It’s not uncommon for people to think that reading poetry aloud is only something that is done within an artistic community where poets and creatives come together to recite one another’s lyrical poems. But this is not at all true, as there are so many different poetic forms, many of which don’t rhyme at all. And there are plenty of motivational poems that can be enjoyed in solitude.
For learners completing their FET phase in high school, there will be a lot of emphasis on famous poems by both English poets and American poets such as William Butler Yeats, Wystan H. Auden, William Wordsworth and Christina Rossetti. And while these are unmistakably great poets, they can seem intimidating at first.
Despite these writers having produced some of the best poetry, it can still be a challenge for youngsters to relate to this collection of poems and can induce a fear of failure. However with the aid of a heartfelt educator who can provide insightful interpretation to these inspirational poems, the study of poetry can be a rewarding task.
Poetry can be interpreted (and misinterpreted!) in a wide variety of ways all depending on the individual reading the verses and whether they are equipped with sufficient background knowledge and the ability to read analytically.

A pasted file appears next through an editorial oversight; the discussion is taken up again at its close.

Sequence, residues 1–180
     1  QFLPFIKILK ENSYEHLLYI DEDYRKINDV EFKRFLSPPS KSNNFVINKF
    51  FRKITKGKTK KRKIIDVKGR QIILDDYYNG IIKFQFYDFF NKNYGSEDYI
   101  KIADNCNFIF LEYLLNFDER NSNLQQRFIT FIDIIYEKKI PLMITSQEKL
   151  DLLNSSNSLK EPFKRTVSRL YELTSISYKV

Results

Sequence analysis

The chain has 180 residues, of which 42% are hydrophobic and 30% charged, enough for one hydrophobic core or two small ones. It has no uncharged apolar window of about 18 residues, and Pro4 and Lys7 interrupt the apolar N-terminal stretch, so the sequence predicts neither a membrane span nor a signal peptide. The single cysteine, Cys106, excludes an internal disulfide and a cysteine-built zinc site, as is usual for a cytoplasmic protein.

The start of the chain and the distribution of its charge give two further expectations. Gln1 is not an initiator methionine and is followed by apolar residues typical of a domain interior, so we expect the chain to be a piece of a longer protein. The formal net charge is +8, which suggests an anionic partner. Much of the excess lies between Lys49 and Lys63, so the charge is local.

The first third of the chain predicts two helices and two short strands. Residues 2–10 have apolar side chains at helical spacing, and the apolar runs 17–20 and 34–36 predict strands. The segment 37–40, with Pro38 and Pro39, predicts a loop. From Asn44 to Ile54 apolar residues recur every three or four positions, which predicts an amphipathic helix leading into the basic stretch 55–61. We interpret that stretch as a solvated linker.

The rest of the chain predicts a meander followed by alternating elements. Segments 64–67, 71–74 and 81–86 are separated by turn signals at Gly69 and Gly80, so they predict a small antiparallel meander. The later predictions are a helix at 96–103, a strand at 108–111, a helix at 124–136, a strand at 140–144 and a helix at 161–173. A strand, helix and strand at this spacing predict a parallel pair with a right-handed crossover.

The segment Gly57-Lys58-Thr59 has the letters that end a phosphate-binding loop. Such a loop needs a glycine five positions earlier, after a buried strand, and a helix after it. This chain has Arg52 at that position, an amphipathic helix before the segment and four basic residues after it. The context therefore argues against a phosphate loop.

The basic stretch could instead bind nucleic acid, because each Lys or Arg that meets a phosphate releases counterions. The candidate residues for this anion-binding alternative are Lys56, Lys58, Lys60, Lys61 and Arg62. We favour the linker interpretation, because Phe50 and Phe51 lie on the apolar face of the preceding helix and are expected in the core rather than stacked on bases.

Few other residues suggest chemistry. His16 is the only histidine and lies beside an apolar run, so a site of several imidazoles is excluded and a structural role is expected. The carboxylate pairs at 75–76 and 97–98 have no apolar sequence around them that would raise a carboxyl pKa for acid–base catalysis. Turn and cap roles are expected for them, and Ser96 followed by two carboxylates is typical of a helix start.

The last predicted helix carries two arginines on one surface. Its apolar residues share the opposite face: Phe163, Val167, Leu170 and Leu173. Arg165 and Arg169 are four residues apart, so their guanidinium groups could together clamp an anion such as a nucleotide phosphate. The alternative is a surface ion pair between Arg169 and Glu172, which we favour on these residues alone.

A group of college students were asked to interpret the following poem:
He clasps the crag with crooked hands;
Close to the sun in lonely lands,
Ring’d with the azure world, he stands.
The wrinkled sea beneath him crawls;
He watches from his mountain walls,
And like a thunderbolt he falls.
The obvious conclusions would be that this text is addressing issues such as suicidal thoughts, mental health issues or desperation. However, the clever professor omitted a very important component of the poem, its title.
This is a famous poem written by Alfred Lord Tennyson and is entitled ‘The Eagle’. Upon seeing this title the students immediately realised the poem was nothing close to what they had imagined it to be about. This proved to be a valuable lesson of the power of words.
This is the beauty of poetry, the most powerful message can be delivered in merely a few lines and even so, it will be interpreted differently by most readers.
It just goes to show once again how important it is to learn to read actively and with comprehension in order to glean the most from everything we read.